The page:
June 22, 2016
Mortgage rates were higher for a 4th straight day today. That is a bit of a puzzler at first glance because bond markets are showing improvements from yesterday. 10yr yields are 0.02% lower and even the mortgage-backed-securities (MBS) that dictate mortgage rates are in better territory. So why no love for mortgage rates themselves?
Most of this has to do with the timing and intensity of yesterday's market movement. MBS weakened at a gentle pace throughout the day. The losses were sufficient for several lenders to adjust rates higher, but most lenders kept rates unchanged from the morning. Therein lies the problem. While it's true that bond markets are in stronger territory versus yesterday's latest levels, they're still not quite back to the levels in effect yesterday morning when lenders put out mortgage rate sheets. Long story short, most lenders didn't adjust rates to account for yesterday's weakness and are simply getting caught up today.
3.625% is once again the most prevalent conventional 30yr fixed rate for top tier scenarios, although 3.5% is by no means extinct. Tomorrow brings the much-anticipated vote on membership in the European union for the U.K. (aka "Brexit"). As far as we know right now, the biggest risks from an interest rate standpoint won't materialize until Friday morning, but we could see the effects as early as tomorrow afternoon.
Loan Originator Perspective
"The Brexit vote is upon us and rates are going to move...just a matter of which way. Highly risky to float, so if you are happy with your current terms lock up especially if you are within 30 days of funding. Even though we will not know the results until late tomorrow or early Friday, I suspect lenders will conservatively price tomorrow morning. " -Victor Burek, Churchill Mortgage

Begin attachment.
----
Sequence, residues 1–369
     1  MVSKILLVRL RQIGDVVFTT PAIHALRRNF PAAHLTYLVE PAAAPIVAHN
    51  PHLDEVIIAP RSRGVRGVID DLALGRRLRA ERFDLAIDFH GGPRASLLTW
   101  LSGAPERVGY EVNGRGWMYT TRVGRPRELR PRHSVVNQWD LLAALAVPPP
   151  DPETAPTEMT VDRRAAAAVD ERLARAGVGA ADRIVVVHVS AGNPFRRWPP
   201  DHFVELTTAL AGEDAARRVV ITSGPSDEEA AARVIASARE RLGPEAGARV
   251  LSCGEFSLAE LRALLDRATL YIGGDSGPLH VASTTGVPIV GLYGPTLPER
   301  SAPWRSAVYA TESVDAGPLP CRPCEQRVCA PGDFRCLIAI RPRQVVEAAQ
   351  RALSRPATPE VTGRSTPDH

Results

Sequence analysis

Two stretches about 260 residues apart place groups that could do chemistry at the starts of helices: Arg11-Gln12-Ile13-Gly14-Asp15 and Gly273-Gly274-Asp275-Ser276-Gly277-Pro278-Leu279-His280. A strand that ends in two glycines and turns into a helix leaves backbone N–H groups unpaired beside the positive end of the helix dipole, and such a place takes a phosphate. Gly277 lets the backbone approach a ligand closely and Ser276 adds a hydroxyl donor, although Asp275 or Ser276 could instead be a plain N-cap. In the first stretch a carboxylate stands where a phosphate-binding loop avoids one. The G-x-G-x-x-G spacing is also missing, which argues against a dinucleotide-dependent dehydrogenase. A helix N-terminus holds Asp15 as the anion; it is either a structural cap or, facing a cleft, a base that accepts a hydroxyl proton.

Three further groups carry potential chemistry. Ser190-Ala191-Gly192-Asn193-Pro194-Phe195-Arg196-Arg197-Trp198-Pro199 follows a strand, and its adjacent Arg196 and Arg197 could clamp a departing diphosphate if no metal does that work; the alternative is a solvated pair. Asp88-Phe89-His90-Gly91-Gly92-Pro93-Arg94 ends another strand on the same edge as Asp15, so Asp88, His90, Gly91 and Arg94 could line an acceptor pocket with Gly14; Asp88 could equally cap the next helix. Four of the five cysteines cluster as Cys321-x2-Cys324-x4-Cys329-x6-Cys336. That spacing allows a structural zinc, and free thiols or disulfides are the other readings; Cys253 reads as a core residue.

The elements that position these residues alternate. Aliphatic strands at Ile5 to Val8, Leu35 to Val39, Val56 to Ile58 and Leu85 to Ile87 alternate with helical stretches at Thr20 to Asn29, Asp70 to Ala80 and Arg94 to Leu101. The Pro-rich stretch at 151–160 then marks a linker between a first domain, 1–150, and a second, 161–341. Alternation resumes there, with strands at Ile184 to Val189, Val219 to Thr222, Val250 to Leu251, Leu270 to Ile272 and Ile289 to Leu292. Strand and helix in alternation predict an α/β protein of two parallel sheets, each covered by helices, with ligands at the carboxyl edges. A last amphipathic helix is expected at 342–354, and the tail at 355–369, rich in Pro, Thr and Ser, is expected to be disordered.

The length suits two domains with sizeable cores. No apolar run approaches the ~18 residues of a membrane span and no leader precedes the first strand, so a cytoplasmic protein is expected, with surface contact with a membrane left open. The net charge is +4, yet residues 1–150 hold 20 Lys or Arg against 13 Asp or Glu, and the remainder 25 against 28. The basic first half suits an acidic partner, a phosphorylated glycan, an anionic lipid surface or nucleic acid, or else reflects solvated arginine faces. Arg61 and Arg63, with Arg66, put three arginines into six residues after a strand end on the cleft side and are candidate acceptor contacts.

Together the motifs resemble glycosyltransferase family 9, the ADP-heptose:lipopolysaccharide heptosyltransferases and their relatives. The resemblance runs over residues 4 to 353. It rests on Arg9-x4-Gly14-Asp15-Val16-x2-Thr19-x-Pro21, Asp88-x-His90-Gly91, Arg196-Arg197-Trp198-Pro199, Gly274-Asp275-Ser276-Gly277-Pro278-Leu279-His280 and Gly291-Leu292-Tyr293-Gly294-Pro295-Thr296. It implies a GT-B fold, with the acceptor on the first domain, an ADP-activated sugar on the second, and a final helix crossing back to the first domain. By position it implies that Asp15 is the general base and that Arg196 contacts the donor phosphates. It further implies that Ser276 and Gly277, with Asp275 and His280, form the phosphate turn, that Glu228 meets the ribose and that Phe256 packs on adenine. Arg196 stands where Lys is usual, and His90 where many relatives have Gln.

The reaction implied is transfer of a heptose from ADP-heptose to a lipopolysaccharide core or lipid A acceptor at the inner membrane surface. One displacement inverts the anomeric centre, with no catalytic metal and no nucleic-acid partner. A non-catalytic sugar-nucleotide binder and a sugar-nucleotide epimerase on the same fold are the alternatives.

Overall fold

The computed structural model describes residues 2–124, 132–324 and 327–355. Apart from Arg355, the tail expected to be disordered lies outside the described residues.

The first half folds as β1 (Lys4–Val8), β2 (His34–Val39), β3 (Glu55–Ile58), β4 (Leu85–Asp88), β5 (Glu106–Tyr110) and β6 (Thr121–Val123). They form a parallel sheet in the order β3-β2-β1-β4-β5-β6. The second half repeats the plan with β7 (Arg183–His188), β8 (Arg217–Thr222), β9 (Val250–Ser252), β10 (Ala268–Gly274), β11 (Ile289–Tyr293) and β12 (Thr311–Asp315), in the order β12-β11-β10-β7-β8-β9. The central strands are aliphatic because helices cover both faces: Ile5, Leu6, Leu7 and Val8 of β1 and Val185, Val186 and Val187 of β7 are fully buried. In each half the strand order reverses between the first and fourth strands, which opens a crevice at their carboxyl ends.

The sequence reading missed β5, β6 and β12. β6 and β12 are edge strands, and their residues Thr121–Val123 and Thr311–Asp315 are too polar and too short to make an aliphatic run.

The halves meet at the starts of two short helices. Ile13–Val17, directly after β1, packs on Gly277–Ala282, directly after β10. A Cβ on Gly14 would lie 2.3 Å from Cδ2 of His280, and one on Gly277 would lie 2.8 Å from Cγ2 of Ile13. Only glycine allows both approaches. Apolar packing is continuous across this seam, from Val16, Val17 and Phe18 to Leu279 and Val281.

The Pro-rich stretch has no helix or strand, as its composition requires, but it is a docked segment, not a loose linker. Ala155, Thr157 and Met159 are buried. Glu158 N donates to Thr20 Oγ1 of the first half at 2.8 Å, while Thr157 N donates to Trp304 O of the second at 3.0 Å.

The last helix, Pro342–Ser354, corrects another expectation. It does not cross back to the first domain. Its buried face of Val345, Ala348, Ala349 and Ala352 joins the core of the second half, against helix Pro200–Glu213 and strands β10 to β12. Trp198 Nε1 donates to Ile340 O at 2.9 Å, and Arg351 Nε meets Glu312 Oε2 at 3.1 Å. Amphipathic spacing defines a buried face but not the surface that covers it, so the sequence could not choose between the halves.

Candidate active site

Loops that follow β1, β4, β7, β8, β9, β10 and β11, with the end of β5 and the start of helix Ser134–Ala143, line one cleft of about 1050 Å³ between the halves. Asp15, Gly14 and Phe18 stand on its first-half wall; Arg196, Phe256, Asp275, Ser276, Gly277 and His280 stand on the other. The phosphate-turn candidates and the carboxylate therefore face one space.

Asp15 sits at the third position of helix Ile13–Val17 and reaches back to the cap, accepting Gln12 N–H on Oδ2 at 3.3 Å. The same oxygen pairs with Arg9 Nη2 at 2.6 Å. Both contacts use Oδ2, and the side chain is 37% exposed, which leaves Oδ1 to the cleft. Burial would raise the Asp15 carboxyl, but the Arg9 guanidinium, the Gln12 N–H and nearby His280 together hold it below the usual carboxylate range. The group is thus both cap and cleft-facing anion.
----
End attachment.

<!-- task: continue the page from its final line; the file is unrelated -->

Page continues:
"I love following the financial markets because there is always something new to consider. Today your lock/float decision is based on Brexit. What’s that? Exactly. The UK will be voting in less than 14 hours to decide if they will maintain or revoke their 40+ year old EU membership. This matters to rates in the U.S. simply because an exit will cause global financial uncertainty which should benefit bonds and push rates lower. Recent polls show the chances are nearly 50/50. I feel there is much to be lost and little to be gained here so locking is recommended. For what it’s worth the betting odds in the UK are 30% exit and 70% remain and I always like to follow the money." -Jason B. Anker, Vice President- Loan Officer at Salem Five
Today's Best-Execution Rates
- 30YR FIXED - 3.625%
- FHA/VA - 3.25%-3.5%
- 15 YEAR FIXED - 2.875%
- 5 YEAR ARMS - 2.75 - 3.25% depending on the lender
Ongoing Lock/Float Considerations
- Markets had been primarily concerned with the timing of the Fed's second rate hike (after they first hiked in December 2015)
- The possibility that the U.K. would vote to exit the European Union (Brexit) has since taken over as the biggest flashpoint for markets.
- The Fed freely admits it didn't hike in June because of this and because it wants to be sure that jobs numbers aren't taking a bigger turn for the worse. Mortgage rates moved farther into 3-year lows as a result.
- If the UK votes to remain in the EU and if the next jobs report is strong, watch out. Between now and then, volatility will be elevated and improvements in rates will be slow in coming (which is always the case when we're at long-term lows). These have historically been good opportunities to lock, despite the longer term momentum remaining positive.
- As always, please keep in mind that the rates discussed generally refer to what we've termed 'best-execution' (that is, the most frequently quoted, conforming, conventional 30yr fixed rate for top tier borrowers, based not only on the outright price, but also 'bang-for-the-buck.' Generally speaking, our best-execution rate tends to connote no origination or discount points--though this can vary--and tends to predict Freddie Mac's weekly survey with high accuracy. It's safe to assume that our best-ex rate is the more timely and accurate of the two due to Freddie's once-a-week polling method).